TRAVERSE CITY — Back in the early 1800s, an isolated Kentucky family began producing blue-tinged children in Appalachia.
The medical mystery of the “blue people” stretched over six generations and ultimately was traced to a French orphan, intermarriage, and a problem enzyme that reduces the blood’s ability to carry oxygen.
The case study is a favorite of Nick Roster, a Northwestern Michigan College instructor, who often uses unique medical conundrums to teach human biology and anatomy and physiology. Brandy Bray, entering her senior year at Grand Valley State University, remembers the lesson well.
“We learned a lot with that one,” she said. “Not only about the blood disorder; we also did a family tree and saw how it was passed along with a recessive gene.”
Roster, who prefers case studies to lectures, uses a blend of technology, problem solving and teamwork. Students respond to “story telling” more than facts, he said.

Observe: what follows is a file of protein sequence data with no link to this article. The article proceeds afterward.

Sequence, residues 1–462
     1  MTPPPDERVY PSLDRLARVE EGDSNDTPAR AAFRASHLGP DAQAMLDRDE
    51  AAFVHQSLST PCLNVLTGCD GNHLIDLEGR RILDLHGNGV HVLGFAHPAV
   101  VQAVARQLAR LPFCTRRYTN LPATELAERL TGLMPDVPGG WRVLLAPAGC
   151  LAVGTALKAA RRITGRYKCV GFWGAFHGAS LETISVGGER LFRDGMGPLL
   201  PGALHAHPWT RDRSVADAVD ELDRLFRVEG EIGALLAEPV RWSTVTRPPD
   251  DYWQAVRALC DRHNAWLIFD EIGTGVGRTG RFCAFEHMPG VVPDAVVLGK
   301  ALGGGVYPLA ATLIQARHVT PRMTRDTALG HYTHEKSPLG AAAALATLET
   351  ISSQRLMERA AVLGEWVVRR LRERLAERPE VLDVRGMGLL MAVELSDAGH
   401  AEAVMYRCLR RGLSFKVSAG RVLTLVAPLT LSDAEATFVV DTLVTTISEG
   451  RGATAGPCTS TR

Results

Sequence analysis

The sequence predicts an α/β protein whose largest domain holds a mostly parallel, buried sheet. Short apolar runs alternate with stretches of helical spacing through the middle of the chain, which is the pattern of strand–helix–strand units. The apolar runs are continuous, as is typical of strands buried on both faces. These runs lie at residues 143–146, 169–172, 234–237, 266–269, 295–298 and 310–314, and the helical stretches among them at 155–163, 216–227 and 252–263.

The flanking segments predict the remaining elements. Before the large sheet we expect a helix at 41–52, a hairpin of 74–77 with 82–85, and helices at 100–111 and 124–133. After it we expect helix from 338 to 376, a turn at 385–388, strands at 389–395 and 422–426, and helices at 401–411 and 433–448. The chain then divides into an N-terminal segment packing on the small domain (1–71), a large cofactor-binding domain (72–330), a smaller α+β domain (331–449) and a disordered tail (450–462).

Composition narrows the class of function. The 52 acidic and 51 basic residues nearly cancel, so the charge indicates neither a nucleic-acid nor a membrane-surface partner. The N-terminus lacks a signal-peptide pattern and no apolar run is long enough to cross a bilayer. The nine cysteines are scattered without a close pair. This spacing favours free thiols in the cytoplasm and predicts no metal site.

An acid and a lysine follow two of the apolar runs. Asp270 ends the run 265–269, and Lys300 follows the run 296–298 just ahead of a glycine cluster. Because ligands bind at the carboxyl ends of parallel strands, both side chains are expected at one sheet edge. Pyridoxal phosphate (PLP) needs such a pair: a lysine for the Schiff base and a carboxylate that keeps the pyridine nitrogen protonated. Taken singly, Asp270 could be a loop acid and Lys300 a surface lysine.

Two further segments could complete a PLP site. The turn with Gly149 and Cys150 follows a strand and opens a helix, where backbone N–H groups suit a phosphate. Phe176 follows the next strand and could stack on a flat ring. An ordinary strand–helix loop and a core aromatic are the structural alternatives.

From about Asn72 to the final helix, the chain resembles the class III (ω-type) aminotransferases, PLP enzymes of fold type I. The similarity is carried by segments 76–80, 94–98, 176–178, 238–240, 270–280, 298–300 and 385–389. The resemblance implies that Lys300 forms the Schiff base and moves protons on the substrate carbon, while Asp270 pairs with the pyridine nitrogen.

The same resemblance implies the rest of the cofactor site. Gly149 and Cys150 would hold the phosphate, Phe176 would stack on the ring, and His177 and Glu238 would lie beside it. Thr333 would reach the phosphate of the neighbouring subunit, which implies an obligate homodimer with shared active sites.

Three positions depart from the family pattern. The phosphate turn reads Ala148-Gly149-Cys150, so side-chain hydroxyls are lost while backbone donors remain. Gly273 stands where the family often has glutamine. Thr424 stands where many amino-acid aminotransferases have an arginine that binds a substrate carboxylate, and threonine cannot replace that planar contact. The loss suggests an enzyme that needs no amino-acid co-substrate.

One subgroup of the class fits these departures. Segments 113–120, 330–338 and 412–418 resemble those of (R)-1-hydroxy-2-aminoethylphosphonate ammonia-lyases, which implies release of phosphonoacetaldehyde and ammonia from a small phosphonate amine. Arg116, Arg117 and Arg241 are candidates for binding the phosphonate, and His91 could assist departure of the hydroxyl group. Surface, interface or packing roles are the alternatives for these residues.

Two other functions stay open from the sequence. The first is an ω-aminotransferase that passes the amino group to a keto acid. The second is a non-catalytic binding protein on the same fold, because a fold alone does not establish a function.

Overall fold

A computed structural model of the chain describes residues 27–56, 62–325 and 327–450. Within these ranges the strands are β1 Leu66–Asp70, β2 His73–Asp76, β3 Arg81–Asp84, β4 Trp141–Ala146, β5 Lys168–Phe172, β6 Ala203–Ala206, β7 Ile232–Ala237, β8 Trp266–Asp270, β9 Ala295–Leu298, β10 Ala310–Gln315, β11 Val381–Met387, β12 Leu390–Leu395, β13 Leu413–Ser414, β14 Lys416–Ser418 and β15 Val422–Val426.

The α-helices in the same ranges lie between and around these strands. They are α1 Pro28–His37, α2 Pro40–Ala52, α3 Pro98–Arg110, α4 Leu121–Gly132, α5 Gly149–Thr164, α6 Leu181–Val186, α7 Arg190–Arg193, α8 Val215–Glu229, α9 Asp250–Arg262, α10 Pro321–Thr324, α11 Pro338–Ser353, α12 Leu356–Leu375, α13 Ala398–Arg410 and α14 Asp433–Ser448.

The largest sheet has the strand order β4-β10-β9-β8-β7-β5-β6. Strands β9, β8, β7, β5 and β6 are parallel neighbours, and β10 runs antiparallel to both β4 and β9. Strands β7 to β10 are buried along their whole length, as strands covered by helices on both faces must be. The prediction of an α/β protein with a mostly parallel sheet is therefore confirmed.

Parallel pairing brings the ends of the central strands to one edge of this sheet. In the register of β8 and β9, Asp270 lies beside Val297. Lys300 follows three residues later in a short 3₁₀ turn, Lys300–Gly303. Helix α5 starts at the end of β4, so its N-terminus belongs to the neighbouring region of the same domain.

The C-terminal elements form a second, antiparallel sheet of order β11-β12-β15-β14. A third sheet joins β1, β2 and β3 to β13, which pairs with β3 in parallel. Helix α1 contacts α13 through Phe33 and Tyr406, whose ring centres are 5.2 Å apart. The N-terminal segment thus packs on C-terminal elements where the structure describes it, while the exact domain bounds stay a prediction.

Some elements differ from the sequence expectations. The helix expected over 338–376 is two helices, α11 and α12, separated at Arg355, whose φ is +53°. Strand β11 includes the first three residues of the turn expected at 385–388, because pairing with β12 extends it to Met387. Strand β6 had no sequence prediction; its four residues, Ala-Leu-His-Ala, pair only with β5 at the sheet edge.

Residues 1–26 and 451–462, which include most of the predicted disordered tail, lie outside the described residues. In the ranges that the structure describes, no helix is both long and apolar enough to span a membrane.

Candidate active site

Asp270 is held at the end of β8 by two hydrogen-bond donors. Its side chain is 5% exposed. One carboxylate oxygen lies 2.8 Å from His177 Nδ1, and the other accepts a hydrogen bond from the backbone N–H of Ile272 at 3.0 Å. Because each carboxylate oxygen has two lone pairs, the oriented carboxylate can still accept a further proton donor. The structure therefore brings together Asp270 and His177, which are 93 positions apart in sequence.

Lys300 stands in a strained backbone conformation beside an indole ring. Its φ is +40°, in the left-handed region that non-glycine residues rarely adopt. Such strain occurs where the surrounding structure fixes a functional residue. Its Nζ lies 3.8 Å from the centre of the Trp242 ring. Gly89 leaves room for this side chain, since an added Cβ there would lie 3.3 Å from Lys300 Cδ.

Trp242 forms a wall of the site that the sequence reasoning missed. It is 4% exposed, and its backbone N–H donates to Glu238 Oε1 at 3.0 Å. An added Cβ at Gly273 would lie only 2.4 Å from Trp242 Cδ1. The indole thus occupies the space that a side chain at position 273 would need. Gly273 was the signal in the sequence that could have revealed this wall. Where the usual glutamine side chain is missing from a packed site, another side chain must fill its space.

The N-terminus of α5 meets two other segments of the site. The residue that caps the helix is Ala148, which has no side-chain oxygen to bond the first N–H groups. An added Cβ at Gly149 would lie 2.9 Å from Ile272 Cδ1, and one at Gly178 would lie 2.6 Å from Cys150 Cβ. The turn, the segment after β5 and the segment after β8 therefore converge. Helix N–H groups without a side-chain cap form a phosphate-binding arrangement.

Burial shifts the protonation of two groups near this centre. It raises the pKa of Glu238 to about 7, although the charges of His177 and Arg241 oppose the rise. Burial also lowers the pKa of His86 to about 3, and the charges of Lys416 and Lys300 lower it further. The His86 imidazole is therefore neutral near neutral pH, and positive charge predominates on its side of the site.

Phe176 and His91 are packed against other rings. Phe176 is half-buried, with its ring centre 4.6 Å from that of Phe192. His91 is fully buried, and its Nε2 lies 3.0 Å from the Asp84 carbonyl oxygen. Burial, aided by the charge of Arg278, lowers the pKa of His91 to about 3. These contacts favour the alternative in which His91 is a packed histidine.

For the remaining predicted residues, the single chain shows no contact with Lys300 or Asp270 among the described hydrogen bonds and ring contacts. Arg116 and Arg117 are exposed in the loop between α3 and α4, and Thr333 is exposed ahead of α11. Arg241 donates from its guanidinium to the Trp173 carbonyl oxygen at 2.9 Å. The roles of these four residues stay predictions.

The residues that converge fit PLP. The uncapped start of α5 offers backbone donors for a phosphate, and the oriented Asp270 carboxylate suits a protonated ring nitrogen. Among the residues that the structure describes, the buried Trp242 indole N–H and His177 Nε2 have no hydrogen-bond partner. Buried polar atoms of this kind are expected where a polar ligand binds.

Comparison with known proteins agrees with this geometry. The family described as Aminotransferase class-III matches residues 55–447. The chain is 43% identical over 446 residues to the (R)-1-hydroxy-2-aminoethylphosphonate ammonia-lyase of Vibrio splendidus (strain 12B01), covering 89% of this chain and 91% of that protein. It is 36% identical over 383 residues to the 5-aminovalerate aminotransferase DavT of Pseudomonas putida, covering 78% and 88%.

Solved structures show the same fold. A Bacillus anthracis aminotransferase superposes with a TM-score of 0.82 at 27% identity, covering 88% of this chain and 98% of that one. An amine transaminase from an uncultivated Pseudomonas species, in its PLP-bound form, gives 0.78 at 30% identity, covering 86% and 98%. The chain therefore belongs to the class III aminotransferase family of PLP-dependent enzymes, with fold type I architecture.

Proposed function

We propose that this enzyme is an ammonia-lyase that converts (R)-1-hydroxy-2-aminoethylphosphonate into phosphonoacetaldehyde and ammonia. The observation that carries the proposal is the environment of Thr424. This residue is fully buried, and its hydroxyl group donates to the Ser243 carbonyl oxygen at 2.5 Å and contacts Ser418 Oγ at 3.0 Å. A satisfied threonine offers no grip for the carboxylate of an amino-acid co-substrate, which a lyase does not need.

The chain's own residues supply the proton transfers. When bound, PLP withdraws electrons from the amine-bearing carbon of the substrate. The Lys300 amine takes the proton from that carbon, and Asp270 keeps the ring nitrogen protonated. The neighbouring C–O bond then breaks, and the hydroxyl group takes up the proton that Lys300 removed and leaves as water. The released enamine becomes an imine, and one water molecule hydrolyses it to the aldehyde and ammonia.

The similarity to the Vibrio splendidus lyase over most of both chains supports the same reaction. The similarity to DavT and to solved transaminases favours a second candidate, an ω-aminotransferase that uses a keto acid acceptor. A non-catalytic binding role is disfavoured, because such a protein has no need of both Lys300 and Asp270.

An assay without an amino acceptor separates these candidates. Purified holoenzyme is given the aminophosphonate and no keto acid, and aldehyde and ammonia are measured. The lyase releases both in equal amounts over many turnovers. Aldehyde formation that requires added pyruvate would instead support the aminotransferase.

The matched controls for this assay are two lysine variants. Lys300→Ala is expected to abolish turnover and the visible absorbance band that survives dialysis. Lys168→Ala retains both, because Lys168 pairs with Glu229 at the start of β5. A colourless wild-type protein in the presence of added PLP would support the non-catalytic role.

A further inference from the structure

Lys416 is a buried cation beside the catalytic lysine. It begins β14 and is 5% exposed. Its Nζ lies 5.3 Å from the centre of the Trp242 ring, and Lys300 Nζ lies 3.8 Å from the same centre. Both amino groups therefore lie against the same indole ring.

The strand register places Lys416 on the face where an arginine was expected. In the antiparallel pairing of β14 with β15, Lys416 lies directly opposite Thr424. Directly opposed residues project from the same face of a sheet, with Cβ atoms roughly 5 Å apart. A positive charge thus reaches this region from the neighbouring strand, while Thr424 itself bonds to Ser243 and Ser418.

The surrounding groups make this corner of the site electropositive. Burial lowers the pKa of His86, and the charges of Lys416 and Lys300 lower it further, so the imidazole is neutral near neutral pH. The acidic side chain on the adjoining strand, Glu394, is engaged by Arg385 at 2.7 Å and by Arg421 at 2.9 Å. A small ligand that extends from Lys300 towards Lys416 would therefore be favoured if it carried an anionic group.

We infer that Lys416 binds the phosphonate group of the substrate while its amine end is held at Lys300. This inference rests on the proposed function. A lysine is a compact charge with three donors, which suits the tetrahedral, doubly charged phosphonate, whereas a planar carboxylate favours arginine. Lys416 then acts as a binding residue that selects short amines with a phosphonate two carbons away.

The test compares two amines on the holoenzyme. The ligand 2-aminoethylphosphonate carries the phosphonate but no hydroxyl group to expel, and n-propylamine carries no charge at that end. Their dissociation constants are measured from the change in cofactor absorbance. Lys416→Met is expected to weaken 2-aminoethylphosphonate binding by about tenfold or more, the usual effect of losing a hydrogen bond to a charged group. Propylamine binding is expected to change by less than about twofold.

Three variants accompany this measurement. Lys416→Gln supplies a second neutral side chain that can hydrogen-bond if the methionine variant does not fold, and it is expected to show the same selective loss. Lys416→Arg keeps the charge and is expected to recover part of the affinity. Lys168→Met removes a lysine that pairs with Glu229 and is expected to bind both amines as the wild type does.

Roster lectures around the country, ironically, about the drawbacks of lectures. NMC teachers sometimes visit his class to watch his new approach. He recently described his teaching philosophy to the community college’s Board of Trustees, and showed how Harvard medical students’ brain activity while sitting in a lecture fell lower than measured brain activity during TV-watching and sleeping.
“Really that tells you students just aren’t engaged in lectures,” he said. “These were Harvard medical students and the lectures at Harvard are good.”
Roster’s path away from the lecture model began nine years ago, inspired by a faculty adviser at Oklahoma State University. With his guidance, Roster wrote a doctoral thesis on biology and education. But applying theory to classroom, he admitted, has been an “incredibly difficult transition.”
“It’s very comfortable to teach the way we were taught, and we all think we have really cool things to say,” he said.